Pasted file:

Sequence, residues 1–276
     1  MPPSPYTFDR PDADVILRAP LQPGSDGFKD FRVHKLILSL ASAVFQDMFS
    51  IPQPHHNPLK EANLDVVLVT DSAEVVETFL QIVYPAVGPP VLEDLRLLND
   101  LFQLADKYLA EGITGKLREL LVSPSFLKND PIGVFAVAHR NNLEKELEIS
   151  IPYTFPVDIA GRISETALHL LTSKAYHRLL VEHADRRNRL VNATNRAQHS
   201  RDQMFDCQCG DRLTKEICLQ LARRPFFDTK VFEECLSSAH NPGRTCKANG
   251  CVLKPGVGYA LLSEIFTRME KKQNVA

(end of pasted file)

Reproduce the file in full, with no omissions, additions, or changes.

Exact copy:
Sequence, residues 1–276
     1  MPPSPYTFDR PDADVILRAP LQPGSDGFKD FRVHKLILSL ASAVFQDMFS
    51  IPQPHHNPLK EANLDVVLVT DSAEVVETFL QIVYPAVGPP VLEDLRLLND
   101  LFQLADKYLA EGITGKLREL LVSPSFLKND PIGVFAVAHR NNLEKELEIS
   151  IPYTFPVDIA GRISETALHL LTSKAYHRLL VEHADRRNRL VNATNRAQHS
   201  RDQMFDCQCG DRLTKEICLQ LARRPFFDTK VFEECLSSAH NPGRTCKANG
   251  CVLKPGVGYA LLSEIFTRME KKQNVA